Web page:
Stock piling of coal in CIL mines at the end of financial year has been going up and down. In the year 2010-11, the stock reached to about 70 MT on March 31.

Table 2: Vendible coal stock at pitheads as on 31st March for 2013-2016 (million tons)

Year

CIL

SCCL

Others

Total

2013

58.17

3.02

1.86

63.05

2014

48.68

5.55

1.28

55.51

2015

53.47

5.35

0.52

59.39

2016

57.67

6.98

0.46

65.12

The Central Electricity Authority (CEA) is monitoring the coal stock position in about 100 power stations on a daily basis. If the stock goes below 4 days requirement, it is categorized as super critical and below 7 days as critical. The CEA has also prescribed the norm on amount of coal which can be stocked at the power stations, though there appears no uniform method in this prescription.

Table 3: Coal stocks at Power stations on March 31 in last four year

Year

Stock At TPSs (million tons)

No. of TPSs monitored

Critical

Super Critical

Number of TPSs with stock above norm

2013

19.00

93

23

13

17

2014

20.30

100

20

9

31

2015

26.103

100

12

6

38

2016

39.00

101

0

0

64

The data (Table 3) shows that coal stocks at the power stations have been improving. The number of critical and super critical power stations has become zero as on March 31, 2016. This is a notable achievement. However, the number of power stations having stocks far above the norm has increased and this may not be desirable in several cases. The list of the critical and super critical stations is not the same over the three years. In fact, it varies year to year quite significantly.

Table 4: Super critical TPS in 2012-13

Name of the TPS

Norm in terms of days

Stock as on 31st March 2013 in days

Stock as on 31st March 2014 in days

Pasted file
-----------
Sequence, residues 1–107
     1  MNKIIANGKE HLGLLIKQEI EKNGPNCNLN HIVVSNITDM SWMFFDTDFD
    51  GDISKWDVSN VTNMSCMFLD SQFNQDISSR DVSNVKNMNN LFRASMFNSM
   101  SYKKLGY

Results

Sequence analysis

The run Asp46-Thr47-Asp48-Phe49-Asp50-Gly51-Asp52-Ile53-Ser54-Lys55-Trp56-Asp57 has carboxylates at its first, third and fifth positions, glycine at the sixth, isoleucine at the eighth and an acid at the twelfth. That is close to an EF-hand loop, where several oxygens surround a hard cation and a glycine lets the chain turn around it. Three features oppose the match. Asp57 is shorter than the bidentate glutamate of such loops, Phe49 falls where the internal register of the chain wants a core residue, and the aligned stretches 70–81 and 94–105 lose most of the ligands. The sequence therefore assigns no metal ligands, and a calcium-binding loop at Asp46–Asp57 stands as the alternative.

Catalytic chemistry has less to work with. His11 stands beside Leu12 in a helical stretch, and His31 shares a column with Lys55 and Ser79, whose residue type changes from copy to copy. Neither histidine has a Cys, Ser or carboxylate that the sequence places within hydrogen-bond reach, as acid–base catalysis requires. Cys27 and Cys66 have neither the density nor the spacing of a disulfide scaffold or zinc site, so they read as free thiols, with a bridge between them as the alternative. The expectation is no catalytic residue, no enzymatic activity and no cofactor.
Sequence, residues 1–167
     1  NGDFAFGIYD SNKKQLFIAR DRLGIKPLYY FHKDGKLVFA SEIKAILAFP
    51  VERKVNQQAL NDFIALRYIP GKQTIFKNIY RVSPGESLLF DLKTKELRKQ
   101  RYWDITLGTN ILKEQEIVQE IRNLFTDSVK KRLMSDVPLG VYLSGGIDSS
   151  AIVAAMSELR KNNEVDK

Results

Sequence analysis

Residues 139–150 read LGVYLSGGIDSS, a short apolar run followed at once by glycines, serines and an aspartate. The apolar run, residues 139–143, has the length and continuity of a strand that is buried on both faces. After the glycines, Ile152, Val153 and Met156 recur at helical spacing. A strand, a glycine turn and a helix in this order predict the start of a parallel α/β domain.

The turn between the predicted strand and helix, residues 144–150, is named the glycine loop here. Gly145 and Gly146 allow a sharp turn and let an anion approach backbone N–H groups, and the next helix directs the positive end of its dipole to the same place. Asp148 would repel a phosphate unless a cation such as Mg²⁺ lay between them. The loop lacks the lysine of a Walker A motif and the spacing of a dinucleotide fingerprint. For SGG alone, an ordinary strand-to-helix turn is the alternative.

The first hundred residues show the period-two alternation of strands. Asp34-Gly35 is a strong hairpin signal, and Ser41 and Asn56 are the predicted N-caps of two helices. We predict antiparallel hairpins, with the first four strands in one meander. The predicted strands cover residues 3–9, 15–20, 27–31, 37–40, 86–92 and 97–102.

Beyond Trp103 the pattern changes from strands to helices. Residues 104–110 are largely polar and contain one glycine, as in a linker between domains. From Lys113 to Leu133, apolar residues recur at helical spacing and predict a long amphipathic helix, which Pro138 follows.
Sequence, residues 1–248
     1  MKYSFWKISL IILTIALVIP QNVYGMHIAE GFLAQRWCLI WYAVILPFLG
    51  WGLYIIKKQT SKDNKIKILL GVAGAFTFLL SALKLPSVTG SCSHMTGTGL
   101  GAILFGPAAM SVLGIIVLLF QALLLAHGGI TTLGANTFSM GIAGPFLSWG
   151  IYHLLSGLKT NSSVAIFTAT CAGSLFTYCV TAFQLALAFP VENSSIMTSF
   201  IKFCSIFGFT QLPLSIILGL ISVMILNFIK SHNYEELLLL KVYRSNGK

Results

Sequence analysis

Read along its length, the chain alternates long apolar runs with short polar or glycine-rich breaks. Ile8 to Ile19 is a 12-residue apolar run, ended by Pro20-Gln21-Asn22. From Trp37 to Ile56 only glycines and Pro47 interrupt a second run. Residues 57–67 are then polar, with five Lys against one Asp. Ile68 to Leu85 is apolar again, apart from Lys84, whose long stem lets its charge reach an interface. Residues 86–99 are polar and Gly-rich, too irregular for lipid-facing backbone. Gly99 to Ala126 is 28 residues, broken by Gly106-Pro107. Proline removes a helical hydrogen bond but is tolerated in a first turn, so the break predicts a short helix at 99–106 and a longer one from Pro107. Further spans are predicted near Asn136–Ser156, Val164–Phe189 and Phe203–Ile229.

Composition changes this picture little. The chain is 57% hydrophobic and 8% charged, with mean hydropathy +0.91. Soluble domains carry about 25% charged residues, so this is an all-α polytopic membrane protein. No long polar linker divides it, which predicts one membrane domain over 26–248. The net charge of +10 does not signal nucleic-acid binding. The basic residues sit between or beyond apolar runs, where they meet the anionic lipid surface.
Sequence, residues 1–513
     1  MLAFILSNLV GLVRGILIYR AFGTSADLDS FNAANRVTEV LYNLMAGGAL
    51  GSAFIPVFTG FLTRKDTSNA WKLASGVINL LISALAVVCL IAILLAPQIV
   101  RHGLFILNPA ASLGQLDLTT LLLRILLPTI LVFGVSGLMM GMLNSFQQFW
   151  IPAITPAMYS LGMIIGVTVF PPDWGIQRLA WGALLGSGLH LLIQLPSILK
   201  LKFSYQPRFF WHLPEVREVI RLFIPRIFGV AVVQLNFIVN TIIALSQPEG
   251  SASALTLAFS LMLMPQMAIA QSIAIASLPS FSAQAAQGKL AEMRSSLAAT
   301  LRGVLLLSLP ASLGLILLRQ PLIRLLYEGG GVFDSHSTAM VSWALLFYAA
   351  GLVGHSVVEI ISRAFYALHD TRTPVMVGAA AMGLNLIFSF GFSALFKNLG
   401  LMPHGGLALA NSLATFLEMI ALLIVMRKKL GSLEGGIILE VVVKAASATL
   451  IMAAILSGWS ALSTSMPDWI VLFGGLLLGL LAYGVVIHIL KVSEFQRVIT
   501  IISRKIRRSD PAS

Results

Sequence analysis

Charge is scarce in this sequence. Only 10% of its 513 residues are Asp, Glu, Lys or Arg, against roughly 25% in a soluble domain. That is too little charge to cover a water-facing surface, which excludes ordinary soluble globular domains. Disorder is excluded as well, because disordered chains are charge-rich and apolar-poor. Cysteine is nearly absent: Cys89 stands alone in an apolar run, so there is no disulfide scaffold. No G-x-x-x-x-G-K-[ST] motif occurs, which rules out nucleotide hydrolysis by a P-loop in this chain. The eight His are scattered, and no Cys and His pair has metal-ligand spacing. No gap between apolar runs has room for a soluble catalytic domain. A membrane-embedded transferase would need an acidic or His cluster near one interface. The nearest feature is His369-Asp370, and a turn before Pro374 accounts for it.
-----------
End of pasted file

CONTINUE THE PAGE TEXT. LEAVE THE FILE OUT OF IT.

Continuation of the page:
Stock as on 31st March 2015 in days

Stock as on 31st March 2016 in days

Mahatma Gandhi

25

4

21

24

67

Badarpur

30

2

28

39

18

Dadri

30

0

4

12

25

Anpara

25

2

16

21

18

Khaparkheda

25

1

3

6

24

Wardha

29

3

2

0

30

Simadhri

25

3

2

25

31

Sipat

9

1

4

18

16

Khalgoan

15

2

25

25

25

Koderma

20

0

22

39

43

Talcher

15

1

6

20

12

Farraka

15

0

24

17

24

Durgapur

20

2

5

24

44

Table 5: Super critical TPS in 2013-14

Name of the TPS

Norm in terms of days

Stock as on 31st March 2014 in days

Stock as on 31st March 2015 in days

Stock as on 31st March 2016 in days

Raichur

30

3

3

23

Bellary

30

2

7

20

Kakatiya

15

3

NA

19

Simadhri

25

2

25

31

Rayalseema

25

1

7

34

Dr. N. Tata Rao

20

0

7

31

Parli

25

0

4

78

Khaparkheda

25

3

6

24

Kolaghat

25

3

12

24

Super critical TPS in 2014-15

Name of the TPS

Norms in terms of days

Stock as on 31st March  2015

Stock as on 31st March 2016

Korba

15

1

9

Satpura

20

2

42

Warora

20

0

30

Raichur

30

3

23

North Chennai

30

3

17

Muzaffarpur

20

1

10

Implications

To be able to arrive at any meaningful implication of having large stocks of coal at the thermal power stations and at the mines one must consider the various limitations. Firstly, coal kept exposed to air in the open for long period leads to deterioration and often in hot summer months quickly catches fire. Ideally, coal should be used as soon as possible after it is beneficiated and delivered to the user. However, since the power stations consume fairly large quantities, the quantity required to be kept in stock depends upon the efficiency of the delivering mechanism and the ability of the miner to produce adequate quantities so that disruptions in the supply do not take place.